At its annual user conference, .conf, Splunk announced new versions of Splunk Enterprise, Splunk IT Service Intelligence (ITSI), Splunk Enterprise Security (ES) and Splunk User Behavior Analytics (UBA). These products leverage machine learning to speed-up and facilitate extracting insights from machine-generated data.
Splunk was founded in 2003 and brought “big data” to Wall Street’s attention with its 2012 IPO. It has always focused on machine-generated data and its platform captures, indexes and analyzes real-time data in a searchable repository, on premises or in the cloud. Machine learning extends the Splunk platform by adding outlier and anomaly detection, adaptive thresholding and predictive analytics capabilities, applying over 25 commonly-used machine learning algorithms or custom algorithms to build data models that forecast future events.
One of the more than 12,000 customers using Splunk to extract value from the avalanche of machine-generated data is Steven Hatch, manager of enterprise logging at Cox Automotive, a subsidiary of Atlanta-based Cox Enterprises. With multiple brands such as Manheim, Autotrader and Kelley Blue Book, Cox Automotive is changing the car buying and selling business, helping people buy and sell cars from their homes, offices and mobile devices.
“Cox Automotive represents the overall lifecycle of a car,” says Hatch. “Whether it’s a dealer or a consumer there are specific functions within that lifecycle that generate a lot of data, up to 2 terabytes a day. Machine learning can be applied to this data to understand better how the marketing campaign is impacting web traffic or how dealers leverage parts and services. We have all of this digital exhaust over the lifecycle of a car and machine learning can draw a picture and analyze events, trends and activities we didn’t even have thought of before. That’s the beauty of machine learning.”
Manheim, for example, operates more than 75 car auctions across the U.S., selling thousands of cars daily. These auctions are conducted via a bidding process that can be done locally or online via simulcast real-time auction video streams, using microphones and high-definition cameras installed in each auction lane. Massive amounts of data are generated by an audio-video scanner tool that pings and polls devices at each auction lane every 30 to 45 seconds. Cox Automotive must monitor all network traffic across many auctions because failure of any device on any lane affects their customers’ experience and the company’s bottom line.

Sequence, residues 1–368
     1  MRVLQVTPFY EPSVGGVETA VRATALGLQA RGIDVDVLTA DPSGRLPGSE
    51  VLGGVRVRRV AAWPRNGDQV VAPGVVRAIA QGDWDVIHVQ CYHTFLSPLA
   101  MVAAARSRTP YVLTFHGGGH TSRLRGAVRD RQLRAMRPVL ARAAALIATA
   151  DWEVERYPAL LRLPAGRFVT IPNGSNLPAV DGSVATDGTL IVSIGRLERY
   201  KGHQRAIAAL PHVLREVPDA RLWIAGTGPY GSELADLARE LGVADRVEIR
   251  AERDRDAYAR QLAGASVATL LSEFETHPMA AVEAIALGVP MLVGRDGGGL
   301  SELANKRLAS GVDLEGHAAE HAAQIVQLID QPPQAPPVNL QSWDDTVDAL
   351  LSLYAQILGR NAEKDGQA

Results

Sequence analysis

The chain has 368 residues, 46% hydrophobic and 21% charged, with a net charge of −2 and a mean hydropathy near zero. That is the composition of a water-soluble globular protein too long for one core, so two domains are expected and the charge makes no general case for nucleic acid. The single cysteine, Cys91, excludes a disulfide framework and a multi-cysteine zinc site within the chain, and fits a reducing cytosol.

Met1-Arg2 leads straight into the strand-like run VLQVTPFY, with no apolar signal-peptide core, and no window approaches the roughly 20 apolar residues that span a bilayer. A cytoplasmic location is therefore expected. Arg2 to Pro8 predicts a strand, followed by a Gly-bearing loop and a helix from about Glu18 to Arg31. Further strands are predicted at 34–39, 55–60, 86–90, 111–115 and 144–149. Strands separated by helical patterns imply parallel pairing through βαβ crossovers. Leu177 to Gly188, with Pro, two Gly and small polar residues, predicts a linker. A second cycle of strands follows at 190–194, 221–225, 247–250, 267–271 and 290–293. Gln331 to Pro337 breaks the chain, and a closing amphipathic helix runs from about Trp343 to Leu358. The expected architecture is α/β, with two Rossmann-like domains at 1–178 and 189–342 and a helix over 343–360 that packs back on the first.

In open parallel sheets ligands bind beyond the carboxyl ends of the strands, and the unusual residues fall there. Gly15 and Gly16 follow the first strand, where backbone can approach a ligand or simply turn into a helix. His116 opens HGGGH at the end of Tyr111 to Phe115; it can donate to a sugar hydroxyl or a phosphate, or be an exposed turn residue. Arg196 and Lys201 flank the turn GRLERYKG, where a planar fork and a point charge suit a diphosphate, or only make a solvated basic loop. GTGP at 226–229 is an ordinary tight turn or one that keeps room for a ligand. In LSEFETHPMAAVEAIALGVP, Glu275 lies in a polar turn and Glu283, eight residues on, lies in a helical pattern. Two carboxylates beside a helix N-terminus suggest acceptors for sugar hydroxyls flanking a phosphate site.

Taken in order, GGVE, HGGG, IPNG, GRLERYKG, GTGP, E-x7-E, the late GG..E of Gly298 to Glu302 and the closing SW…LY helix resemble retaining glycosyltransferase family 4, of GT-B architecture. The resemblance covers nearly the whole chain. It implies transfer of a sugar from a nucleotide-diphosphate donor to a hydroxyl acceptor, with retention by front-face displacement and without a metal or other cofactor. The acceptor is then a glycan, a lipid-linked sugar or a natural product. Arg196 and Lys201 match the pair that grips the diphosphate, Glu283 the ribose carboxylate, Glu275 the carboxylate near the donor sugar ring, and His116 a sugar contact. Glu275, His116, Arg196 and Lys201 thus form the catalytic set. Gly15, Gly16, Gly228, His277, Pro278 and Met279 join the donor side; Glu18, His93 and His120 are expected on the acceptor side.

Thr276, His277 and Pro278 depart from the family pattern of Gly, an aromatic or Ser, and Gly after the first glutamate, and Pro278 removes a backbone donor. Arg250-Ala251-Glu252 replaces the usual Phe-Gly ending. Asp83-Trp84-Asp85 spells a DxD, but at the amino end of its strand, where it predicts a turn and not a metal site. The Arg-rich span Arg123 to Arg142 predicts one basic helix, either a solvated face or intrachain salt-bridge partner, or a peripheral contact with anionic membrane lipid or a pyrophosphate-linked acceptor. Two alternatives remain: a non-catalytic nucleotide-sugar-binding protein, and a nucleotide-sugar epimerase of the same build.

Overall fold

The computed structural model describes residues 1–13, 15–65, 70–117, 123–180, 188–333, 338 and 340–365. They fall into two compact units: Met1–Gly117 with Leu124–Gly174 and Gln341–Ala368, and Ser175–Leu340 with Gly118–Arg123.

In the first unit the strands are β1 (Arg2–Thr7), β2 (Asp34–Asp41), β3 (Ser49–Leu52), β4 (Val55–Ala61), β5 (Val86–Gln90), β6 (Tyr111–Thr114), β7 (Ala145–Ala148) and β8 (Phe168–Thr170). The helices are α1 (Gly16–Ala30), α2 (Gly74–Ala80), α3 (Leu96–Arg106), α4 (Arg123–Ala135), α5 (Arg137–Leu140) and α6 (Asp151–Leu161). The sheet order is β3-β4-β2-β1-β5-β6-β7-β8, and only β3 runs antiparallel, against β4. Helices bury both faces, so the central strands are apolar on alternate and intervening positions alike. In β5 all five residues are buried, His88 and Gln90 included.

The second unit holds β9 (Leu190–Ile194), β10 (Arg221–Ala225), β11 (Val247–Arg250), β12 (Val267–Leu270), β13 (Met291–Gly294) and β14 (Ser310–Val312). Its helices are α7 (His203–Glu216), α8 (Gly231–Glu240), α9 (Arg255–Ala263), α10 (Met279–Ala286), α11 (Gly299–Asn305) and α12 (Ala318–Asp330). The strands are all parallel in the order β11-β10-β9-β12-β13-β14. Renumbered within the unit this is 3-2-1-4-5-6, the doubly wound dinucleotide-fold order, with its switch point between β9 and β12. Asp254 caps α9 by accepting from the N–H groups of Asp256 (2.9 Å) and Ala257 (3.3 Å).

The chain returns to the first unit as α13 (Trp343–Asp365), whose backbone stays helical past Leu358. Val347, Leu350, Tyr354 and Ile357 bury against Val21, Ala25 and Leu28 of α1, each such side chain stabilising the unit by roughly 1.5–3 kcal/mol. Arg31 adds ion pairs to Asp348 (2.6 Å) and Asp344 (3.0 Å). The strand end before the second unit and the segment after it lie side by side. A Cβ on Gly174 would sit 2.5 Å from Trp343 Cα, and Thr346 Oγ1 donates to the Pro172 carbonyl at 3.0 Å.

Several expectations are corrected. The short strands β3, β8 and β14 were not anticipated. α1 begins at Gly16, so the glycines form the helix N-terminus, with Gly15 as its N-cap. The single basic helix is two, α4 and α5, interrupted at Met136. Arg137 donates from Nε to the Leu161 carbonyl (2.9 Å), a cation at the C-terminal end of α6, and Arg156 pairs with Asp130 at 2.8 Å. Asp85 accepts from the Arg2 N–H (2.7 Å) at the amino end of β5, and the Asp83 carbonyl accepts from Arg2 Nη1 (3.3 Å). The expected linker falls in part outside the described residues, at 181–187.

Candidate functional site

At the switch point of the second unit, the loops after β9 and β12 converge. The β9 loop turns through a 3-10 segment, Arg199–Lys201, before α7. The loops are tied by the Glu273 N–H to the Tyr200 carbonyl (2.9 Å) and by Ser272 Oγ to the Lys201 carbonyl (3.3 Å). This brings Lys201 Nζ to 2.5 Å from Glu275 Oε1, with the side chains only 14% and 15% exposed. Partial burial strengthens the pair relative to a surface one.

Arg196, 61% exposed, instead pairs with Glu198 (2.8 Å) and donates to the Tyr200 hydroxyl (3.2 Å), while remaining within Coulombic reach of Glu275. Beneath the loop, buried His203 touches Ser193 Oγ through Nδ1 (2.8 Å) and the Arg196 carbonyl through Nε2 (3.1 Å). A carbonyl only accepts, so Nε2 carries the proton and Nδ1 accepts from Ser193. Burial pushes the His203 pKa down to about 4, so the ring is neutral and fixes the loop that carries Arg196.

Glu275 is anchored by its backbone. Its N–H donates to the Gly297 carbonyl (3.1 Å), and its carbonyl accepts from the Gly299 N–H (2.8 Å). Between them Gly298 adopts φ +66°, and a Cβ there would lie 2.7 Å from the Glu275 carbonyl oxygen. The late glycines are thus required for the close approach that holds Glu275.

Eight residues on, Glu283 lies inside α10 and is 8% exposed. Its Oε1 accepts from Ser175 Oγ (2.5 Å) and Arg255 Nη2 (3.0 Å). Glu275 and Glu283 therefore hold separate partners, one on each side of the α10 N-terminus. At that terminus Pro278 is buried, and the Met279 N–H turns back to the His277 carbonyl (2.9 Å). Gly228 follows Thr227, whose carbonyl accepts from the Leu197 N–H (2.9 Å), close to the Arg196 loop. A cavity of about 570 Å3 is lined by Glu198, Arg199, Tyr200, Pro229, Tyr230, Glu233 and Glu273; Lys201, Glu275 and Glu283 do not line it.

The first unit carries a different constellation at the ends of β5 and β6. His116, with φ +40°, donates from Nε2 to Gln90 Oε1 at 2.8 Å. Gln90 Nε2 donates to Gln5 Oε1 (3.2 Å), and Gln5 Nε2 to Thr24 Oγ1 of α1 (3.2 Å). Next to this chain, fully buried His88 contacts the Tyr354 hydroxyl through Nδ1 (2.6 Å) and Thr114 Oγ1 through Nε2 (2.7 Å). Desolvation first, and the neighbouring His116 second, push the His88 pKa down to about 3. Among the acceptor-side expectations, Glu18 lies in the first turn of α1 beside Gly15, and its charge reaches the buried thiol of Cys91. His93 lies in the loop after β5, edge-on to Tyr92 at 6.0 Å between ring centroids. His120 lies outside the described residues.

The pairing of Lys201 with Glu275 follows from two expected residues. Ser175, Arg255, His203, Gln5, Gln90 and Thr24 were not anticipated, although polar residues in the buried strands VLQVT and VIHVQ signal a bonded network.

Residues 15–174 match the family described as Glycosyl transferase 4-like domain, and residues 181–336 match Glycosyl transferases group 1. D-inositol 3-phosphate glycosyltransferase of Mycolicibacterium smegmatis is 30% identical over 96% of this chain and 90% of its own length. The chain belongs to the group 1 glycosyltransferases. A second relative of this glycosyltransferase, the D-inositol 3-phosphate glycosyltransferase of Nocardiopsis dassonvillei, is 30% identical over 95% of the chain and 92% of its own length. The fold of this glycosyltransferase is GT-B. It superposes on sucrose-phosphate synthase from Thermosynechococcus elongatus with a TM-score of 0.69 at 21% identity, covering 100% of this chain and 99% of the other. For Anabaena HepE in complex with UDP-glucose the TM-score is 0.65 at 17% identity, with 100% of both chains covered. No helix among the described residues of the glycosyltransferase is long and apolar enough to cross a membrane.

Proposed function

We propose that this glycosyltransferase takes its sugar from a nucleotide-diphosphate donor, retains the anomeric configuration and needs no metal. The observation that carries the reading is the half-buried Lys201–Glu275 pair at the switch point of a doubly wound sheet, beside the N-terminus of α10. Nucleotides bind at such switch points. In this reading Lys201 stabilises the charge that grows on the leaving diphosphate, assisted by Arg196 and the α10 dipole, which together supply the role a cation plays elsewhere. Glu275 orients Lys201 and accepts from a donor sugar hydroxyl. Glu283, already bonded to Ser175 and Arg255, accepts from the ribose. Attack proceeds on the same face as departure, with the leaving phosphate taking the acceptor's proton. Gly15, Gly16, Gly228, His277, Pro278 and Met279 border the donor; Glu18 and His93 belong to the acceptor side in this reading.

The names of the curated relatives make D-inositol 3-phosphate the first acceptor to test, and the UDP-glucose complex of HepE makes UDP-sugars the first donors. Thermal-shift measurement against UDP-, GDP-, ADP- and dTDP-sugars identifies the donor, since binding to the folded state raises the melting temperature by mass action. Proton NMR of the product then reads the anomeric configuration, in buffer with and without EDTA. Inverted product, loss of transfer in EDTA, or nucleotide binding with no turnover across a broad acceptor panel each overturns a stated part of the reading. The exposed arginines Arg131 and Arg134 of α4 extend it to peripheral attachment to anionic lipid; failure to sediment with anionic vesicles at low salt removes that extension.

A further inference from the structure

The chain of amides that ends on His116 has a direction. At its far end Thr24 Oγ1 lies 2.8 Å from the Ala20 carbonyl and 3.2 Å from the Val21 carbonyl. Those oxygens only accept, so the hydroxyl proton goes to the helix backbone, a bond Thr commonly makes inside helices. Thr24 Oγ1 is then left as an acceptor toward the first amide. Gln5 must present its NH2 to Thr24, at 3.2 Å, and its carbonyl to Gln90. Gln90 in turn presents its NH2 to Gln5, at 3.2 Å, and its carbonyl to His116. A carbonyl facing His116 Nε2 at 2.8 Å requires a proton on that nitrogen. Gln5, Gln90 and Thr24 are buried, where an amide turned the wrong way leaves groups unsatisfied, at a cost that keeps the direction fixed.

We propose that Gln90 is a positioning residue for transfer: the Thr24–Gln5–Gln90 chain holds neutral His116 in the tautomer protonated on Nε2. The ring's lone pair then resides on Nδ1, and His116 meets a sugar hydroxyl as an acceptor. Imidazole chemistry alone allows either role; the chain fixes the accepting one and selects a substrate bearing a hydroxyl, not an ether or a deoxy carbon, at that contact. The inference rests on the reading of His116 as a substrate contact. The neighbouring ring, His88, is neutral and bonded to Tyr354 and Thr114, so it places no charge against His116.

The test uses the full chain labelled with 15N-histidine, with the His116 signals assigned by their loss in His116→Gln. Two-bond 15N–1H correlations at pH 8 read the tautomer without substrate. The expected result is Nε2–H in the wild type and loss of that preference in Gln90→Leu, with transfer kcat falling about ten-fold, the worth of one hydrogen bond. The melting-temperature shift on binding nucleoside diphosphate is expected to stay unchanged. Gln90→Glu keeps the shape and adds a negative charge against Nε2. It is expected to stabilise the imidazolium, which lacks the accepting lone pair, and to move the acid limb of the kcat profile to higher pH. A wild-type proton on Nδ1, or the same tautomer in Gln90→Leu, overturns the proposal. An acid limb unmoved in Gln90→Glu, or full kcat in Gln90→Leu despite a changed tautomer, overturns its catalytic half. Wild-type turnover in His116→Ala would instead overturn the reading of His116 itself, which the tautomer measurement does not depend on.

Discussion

In the past, Cox Automotive encountered uptime and application stability challenges during its auto auctions, but had little visibility into the root cause. When a problem occurred, its operations teams lacked visibility into whether the disruption was broad across the network or isolated to a single lane that needed investigation. It also lacked the ability to prioritize incident investigations and needed real-time insights into the performance and availability of each auction lane.
Implementing Splunk IT Service Intelligence (ITSI) helped drive down key metrics such as mean-time-to-identify the root cause of an incident and mean-time-to-resolution. Now, if an incident with a camera, microphone or other device occurs, staff members get an alert within seconds, can troubleshoot quickly, identify the issue rapidly and determine the exact location for an auction technician to minimize disruption. Moreover, using advanced analytics and machine learning, the IT staff can predict outages and can even monitor equipment degradation for proactive replacement. “Splunk ITSI brings visibility into our simulcast application that we never had before,” says Hatch.
The benefits of applying machine learning tools to machine-generated data, however, go beyond improved IT operations. Now that most business activities are online, there is a lot of business-related data that could be analyzed, not just the data that the IT infrastructure generates. Business users at Cox Automotive, says Hatch, “can improve their business decisions because they now have insights they never imagined before, or have data to support going forward with a specific initiative.”
The fundamental benefit for the business is in the act of the aggregation of all the massive amounts of data machines generate, something that was not possible before the advent of cloud computing. “Six years ago this would have been a monumental effort to centralize all of this data because we didn’t have the luxury of having compute and storage in the cloud the way we have it now,” says Hatch. Now, all of this valuable data can be accessed and analyzed by the people of Cox Automotive who could use it to make better decisions. Concludes Hatch: “Big data is what it’s all about. Big data is not the data that is rigged to the hard drive. Big data becomes big when it can be shared across the business to make the right decisions.”
Originally published on Forbes.com